Now his phone is starting to show its age and we need to come up with a longer term solution, but it was neat to see him try to handle his problem like an adult — without a lot of help from me.

So, I’m left with one simple question: When did this kid get so wise and when did he become an adult?

35 thoughts on “Parenting from the sidelines

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    1. It’s really strange. We’re definitely entering a new phase (i.e. being empty nesters; not everyone being able to come home for the holidays; the kids having grown up challenges.) I’m happy for them, but still strange to experience. I thought I just blinked. Ha, ha!

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  1. It’s funny because I come across as a helicopter because I do know a lot about my daughters life, but in reality I’m really good at letting her figure stuff out

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    1. I don’t know … maybe I’m misunderstanding what it means to be a helicopter parent, but I think of that LA as being a good listener. We do the same with our kids. Ill ask my daughter about her friends or how they’re doing. I’ve never met most of them, but if she mentions them I make sure to make a note and ask about them in the future. To me that’s being a good listener and being there for my children. I try to think back to what I wanted at that age. I wanted an advisor, someone to pitch ideas too.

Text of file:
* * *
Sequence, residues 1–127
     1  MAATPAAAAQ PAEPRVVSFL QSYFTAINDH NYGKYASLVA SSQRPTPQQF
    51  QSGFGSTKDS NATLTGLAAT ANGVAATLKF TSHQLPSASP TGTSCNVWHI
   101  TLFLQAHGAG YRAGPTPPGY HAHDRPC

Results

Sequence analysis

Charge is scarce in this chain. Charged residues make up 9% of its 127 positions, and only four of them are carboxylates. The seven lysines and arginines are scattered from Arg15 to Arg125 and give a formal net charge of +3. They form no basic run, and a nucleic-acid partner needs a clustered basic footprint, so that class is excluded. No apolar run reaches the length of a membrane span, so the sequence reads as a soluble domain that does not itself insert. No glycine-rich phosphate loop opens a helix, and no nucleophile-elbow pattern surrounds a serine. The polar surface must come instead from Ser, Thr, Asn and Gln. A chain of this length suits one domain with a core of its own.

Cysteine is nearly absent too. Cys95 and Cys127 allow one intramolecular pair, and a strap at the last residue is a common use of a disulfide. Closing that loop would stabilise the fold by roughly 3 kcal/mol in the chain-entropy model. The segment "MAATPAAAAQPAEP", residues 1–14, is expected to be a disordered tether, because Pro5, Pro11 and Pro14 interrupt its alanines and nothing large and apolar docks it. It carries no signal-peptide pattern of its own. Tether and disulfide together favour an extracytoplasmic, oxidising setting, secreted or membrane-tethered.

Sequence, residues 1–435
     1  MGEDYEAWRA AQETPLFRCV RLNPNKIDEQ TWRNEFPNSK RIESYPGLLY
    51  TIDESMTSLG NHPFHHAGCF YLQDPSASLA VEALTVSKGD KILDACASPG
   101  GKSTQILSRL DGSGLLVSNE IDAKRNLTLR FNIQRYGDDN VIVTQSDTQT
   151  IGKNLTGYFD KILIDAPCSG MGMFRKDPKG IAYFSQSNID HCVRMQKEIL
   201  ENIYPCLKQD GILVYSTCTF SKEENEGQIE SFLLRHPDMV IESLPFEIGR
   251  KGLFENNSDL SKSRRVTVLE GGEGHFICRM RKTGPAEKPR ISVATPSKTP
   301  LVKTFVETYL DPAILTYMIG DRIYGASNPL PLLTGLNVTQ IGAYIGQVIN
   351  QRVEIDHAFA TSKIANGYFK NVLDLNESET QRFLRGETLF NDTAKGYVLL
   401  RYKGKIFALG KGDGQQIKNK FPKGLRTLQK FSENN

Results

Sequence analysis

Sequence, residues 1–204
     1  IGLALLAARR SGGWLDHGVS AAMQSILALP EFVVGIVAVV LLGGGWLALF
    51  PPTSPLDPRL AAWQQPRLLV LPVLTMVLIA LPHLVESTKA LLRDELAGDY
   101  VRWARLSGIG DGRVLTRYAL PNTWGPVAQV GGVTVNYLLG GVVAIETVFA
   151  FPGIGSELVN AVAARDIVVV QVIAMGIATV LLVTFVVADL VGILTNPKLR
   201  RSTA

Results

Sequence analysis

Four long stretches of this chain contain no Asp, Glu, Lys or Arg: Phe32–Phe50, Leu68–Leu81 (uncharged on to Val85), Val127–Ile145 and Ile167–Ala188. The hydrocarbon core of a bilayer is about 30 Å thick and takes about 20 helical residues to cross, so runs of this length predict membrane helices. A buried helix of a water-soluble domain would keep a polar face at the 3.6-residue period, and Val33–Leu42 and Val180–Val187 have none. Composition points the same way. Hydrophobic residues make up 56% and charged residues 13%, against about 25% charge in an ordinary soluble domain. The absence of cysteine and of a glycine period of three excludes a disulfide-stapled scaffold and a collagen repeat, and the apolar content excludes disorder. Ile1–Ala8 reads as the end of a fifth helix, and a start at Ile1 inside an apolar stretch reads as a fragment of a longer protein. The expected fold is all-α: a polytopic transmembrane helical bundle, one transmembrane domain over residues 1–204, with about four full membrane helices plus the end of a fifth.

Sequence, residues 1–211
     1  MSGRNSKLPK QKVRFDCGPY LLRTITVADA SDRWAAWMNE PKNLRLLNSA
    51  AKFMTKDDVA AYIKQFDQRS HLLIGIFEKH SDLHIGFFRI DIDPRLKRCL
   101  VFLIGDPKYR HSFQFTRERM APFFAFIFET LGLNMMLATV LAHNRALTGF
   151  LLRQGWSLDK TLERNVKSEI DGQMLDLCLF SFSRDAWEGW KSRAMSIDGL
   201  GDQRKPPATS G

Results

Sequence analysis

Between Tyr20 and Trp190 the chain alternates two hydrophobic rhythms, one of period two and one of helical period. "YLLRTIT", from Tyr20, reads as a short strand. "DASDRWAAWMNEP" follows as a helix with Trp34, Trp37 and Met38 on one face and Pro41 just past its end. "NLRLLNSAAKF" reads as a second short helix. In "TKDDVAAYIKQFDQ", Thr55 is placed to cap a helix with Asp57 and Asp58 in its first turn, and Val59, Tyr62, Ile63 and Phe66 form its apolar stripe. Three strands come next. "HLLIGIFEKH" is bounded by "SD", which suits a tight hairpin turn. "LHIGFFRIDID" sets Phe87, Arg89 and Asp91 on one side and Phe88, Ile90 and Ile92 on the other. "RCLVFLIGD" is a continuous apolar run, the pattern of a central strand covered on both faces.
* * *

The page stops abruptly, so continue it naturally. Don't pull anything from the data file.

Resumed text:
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      1. Helicopter typically means not only knowing what they’re doing, but guiding, directing and doing. I’ll give you an example. My friends son is 24, is in graduate school, and lives with a roommate. There lease is up august 2023. My friend called the roommates mother to ask what the daughters plans are in august 2023….the son didn’t ask her to do it. She just did it. That’s a helicopter mom